I trace a long arc of intentionality through the structure and content of the Bailey Scholar program, my academic formation at Randolph-Macon College, professional internships with church programs, my theological education at Vanderbilt University Divinity School, and my movement into commissioned ministry of the church. Above all, the Bailey Scholar program reminds me of the power of God’s generosity and free grace that transforms our lives.
Rev. Adam Kelchner
The Christian season of Lent is a forty-day period, excluding Sundays, in which Christ followers join Jesus on his forty-day fast, spiritually walking in his footsteps. Lent is a season of repentance and spiritual self-examination. It is a time to draw near to Christ, and a time when we recall our brokenness and mortality. This allows us to appreciate the blessings that come on Good Friday and Easter, when Christ dies for us and then is raised to life. (Adam Hamilton, The Way)
Editor’s Note: This post is written by Kelly Conner, currently a student at Duke Divinity and a graduate of Randolph-Macon College. She writes about what it meant to her to be a Bailey Scholar.
My name is Kelly Conner, and I am a first year MDiv student at Duke Divinity School. I really view it as God’s leading and influence in my life that I have been afforded the opportunity to be here at Duke, and every day when I set foot on campus, it defies belief that I could possibly be so lucky to be learning in this environment.
During my first semester here, it became obvious that my time at Randolph-Macon (both in class and as a Bailey Scholar) prepared me well for my classes here. Because I was a Religious Studies major, I had already been exposed to theological language and I had already begun to do some deep thinking about the nature of God, Scriptural interpretation, and spiritual disciplines. That part, the academic part, was obvious to me: I didn’t struggle in the same way that some of my friends did over words like “eschatology” that Duke professors automatically assumed students would already know; I knew to read the Old Testament like a continuous narrative and that its organization and progression were already familiar to me; I had already been introduced to some Church history so that I could conceptualize some basics about what we were discussing in class. That part was easy to see. But what I am just starting to realize is that the Bailey Scholarship program itself gave me just as much preparation as the academic side of Randolph-Macon did.
The Bailey Program is not simply a scholarship; yes, we receive tuition funds, but what is equally important is the community we have as “Baileys.” We come together once a week to share a meal and reflect. We also study Scripture during this time and hear about important ministries which are taking place on campus and in the lives of our fellow Baileys. From the other students, I learned what it means to be in community. We prayed for one another and discussed problems of a theological and a daily nature. We genuinely cared for another and encouraged one another in the face of difficulty. We learned how to join one another in ministry and came to one another for advice. This gave me more preparation than I realized, especially when I arrived at Duke Divinity School and encountered an academic community of gracious, kind, prayerful, contemplative, often stressed, and yet merciful professors and students. If my classmates know I’m having a rough week, they will stop and pray for me in the hall. If a classmate is struggling, they always find a hug and a listening ear. We have formed for ourselves accountability groups and conversations that offer reflection, commentary on class material, and, occasionally, an outlet for frustration. This reminds me of my time in the Bailey Program with my fellow Baileys.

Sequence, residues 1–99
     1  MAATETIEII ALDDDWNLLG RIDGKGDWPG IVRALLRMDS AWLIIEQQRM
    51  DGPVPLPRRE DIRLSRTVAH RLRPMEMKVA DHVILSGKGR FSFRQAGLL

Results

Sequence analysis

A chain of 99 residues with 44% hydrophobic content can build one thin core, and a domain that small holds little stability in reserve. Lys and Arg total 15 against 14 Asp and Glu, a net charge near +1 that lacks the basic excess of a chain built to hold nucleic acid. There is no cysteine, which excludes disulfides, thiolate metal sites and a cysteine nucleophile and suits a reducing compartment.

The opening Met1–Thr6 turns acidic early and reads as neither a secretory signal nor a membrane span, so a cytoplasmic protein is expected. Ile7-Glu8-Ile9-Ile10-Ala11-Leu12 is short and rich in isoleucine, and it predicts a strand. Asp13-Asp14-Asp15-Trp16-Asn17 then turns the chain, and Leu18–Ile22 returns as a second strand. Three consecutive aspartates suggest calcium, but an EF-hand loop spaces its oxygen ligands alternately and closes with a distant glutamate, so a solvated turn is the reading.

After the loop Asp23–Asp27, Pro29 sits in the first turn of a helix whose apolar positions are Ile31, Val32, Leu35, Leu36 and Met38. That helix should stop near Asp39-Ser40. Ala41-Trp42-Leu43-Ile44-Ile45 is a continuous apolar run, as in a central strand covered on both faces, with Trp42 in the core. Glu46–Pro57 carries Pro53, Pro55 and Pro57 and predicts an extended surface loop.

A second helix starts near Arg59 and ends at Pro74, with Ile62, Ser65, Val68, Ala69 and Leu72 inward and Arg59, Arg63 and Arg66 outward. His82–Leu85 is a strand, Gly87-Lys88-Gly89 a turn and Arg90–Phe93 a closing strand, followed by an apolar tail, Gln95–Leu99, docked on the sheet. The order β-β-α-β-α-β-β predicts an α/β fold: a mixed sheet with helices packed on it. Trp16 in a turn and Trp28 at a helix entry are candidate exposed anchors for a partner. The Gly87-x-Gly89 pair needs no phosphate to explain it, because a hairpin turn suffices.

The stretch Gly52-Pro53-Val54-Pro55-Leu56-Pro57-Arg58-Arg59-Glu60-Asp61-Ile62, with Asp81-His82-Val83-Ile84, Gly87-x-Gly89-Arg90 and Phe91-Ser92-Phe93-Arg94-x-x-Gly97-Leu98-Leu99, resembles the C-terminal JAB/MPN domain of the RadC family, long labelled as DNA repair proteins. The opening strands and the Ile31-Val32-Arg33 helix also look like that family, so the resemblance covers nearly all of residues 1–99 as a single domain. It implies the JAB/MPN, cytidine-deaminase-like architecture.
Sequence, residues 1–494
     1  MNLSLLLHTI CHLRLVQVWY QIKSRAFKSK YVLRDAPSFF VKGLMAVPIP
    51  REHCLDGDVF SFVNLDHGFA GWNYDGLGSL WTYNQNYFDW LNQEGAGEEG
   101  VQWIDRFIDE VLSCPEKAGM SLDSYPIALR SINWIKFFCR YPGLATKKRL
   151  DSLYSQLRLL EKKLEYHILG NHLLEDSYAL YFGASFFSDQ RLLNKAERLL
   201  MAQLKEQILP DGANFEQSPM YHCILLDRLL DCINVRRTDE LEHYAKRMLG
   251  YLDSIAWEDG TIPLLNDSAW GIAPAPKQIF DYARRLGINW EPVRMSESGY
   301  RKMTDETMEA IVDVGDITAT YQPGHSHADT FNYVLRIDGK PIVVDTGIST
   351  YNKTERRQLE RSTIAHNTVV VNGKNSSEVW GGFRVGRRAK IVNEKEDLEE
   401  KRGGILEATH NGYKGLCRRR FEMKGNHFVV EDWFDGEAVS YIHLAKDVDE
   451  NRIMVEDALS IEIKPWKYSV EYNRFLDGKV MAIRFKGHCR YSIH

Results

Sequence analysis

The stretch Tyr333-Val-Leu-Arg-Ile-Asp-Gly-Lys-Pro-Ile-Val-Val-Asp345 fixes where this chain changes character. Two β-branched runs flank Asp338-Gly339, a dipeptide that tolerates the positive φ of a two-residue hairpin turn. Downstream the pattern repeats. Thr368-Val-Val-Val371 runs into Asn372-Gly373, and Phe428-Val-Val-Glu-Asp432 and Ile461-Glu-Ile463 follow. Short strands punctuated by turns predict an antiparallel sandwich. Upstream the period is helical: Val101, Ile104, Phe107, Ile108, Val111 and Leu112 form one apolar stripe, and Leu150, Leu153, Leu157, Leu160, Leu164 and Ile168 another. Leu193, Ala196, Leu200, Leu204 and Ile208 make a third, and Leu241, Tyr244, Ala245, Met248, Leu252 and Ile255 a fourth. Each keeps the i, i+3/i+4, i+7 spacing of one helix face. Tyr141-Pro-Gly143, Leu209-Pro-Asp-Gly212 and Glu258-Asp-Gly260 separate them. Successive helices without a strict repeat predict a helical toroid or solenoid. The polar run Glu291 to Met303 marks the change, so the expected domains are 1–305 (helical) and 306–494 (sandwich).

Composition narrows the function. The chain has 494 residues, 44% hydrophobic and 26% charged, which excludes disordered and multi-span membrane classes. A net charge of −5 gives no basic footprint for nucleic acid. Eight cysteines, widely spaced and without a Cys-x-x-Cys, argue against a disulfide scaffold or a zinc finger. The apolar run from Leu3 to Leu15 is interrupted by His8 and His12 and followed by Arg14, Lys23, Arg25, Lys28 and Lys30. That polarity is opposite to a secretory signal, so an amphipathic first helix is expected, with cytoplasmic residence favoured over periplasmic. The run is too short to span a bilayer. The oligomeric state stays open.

Despite being at Duke, a place of academic rigor, all I really seem to find is more questions. I’ve been told that this is a common, normal experience; after all, only God knows all the answers. I suppose I could say that I am learning to appreciate God’s mystery more and more, because the more I learn about theology and Christian thought, the more I realize that God is too big to be contained in these principles. Ultimately, it is up to us to participate in a community of believers, like a church or our fellow Bailey students, and discuss how we see God moving and what we think the truth is. Sometimes, we learn more from one another than we could in any classroom.
For more information about the Bailey Scholarship program at Randolph-Macon, visit their website. Or click email and we’ll send you information.
10. Guest Post: Park View Community Mission. Lee Ann Powers, an member of Christ Community United Methodist Church in Lynchburg wrote about the mission of Park View Community Mission, a Lynchburg District mission. Lee Ann writes passionately about this ministry and links this work to the work of the early Christians as evident in Acts. Lee Ann is a student of Eastern Mennonite Seminary and is on the deacon track.
9. Waiting is Hard. This was my only Advent post for 2011, but it was viewed a bunch of times this year. I write about not passively waiting, but waiting while actively being about kingdom work. The disciples felt asleep, are we falling asleep as well?
8. Sex in Heaven? The title, I’m sure, is what made this one get so many views. A friend shared a story about what a question raised in a Bible study with older adults. I thought it was worth sharing.
7. Religious Respect? I wrote this after a news story came out that US military personnel burned copies of the Koran. Why do we disrespect one religion by using another? This post also received the most comments in 2012.
6. Wedding Planning: the invitation. I’m actually surprised there weren’t more wedding planning posts in this list. But a lot of them were posted in 2011 and seen then. Megan and I were married in April of 2012, and a lot of people were keeping up with our plans via our blog.
5. Looking through a . . . peephole? This was a quote shared with me by one of my former youth group students. I came across it randomly one day.